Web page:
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“…Rich, is it possible to reasonably estimate the error range in this type of situation? Though Robert’s measurements may not be precise it may be useful if the error range is known. …”
This method would be subject to a considerable number of unknowns, unfortunately. The VHF wavelengths used for FM broadcasting are much more subject to obstruction losses and reflections than those used in AM broadcasting. Such effects at the receive antenna on the signal using a line-of-sight path to the transmit antenna cannot easily be predicted.
Below are some Powerpoint clips I wrote before I retired, showing some of these conditions. The clips were from a microwave talk I gave, but the same principles apply at VHF.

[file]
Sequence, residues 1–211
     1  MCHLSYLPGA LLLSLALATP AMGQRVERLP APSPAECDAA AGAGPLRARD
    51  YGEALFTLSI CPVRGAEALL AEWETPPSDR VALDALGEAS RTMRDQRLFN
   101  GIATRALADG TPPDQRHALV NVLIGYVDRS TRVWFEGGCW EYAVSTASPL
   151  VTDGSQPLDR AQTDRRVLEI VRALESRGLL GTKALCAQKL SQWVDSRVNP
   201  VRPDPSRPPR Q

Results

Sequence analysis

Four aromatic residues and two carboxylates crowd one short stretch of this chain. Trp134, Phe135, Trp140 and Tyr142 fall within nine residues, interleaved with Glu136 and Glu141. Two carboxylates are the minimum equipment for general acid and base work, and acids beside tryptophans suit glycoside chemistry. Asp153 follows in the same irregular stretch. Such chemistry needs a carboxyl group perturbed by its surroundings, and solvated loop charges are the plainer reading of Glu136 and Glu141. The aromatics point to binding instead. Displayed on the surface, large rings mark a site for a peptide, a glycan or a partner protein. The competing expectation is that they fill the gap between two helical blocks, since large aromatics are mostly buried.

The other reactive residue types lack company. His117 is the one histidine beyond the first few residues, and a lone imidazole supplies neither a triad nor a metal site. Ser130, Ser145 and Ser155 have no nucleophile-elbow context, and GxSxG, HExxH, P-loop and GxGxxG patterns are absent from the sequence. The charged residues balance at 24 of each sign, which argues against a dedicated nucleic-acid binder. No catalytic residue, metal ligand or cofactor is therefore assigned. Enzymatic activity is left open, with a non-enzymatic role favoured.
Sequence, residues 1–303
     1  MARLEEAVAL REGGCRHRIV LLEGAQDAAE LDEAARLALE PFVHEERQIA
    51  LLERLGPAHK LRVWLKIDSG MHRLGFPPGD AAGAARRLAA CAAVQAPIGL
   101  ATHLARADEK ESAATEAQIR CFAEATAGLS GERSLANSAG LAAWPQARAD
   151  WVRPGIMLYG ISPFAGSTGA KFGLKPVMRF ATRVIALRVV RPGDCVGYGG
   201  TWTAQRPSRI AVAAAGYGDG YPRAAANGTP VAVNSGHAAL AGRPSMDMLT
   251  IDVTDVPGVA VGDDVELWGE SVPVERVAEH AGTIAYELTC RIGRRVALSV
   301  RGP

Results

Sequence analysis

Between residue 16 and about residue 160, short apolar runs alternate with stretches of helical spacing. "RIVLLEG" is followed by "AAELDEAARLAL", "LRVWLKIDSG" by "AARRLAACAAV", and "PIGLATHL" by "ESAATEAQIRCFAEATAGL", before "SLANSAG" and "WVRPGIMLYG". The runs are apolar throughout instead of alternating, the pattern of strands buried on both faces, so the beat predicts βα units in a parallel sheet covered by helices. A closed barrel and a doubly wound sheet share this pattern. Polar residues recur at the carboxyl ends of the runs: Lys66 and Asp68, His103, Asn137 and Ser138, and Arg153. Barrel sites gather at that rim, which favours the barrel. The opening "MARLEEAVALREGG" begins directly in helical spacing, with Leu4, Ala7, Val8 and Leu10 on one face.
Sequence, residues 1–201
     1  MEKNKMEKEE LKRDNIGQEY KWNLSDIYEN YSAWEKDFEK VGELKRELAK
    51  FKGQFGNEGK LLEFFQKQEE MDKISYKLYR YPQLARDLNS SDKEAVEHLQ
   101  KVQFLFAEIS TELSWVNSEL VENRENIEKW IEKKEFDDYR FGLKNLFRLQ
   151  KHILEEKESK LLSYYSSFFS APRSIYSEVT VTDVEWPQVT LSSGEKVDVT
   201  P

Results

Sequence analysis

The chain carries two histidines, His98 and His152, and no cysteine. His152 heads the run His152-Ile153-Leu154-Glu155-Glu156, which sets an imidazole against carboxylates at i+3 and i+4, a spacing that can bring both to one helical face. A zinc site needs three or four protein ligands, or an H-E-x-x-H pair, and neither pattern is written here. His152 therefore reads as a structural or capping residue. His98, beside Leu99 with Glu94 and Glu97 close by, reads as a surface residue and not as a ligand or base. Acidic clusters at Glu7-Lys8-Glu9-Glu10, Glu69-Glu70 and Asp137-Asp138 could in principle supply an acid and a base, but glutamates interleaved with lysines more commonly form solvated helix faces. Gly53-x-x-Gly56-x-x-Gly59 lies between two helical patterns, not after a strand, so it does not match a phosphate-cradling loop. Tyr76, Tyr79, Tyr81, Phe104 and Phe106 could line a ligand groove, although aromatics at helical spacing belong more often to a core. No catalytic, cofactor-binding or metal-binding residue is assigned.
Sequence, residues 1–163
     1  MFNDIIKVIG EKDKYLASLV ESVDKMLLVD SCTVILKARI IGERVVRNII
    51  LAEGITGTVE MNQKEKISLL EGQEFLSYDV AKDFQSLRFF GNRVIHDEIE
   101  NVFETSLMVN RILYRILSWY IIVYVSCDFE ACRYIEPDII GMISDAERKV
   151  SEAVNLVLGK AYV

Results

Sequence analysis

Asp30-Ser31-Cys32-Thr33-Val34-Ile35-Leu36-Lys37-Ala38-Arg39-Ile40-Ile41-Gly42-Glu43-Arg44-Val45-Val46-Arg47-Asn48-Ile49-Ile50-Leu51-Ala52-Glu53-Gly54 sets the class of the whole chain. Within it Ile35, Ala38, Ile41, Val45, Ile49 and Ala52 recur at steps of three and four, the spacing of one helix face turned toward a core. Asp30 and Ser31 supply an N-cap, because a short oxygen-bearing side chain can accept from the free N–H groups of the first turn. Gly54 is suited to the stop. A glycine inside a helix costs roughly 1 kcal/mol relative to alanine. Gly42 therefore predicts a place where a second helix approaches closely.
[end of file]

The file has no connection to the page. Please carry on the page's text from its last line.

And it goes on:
Here is a page from a microwave system planning handbook, showing how the received signal varies with Fresnel clearance:
Another factor is the azimuth and elevation plane radiation from the transmit antenna used by the FM station, which can vary as much as 20 dB depending on the radial path to the receive point. This is a function of the transmit antenna configuration, and re-radiation by the tower supporting that antenna. Almost no FM broadcast station radiates a truly omnidirectional signal.
The FCC uses a statistical approach when predicting the fields of an FM broadcast station, giving a result for 50% of locations, 50% of the time.
Short paths are much less vulnerable to obstuctions and reflections, which probably is why the FCC uses 3 meters as the reference distance in §15.239.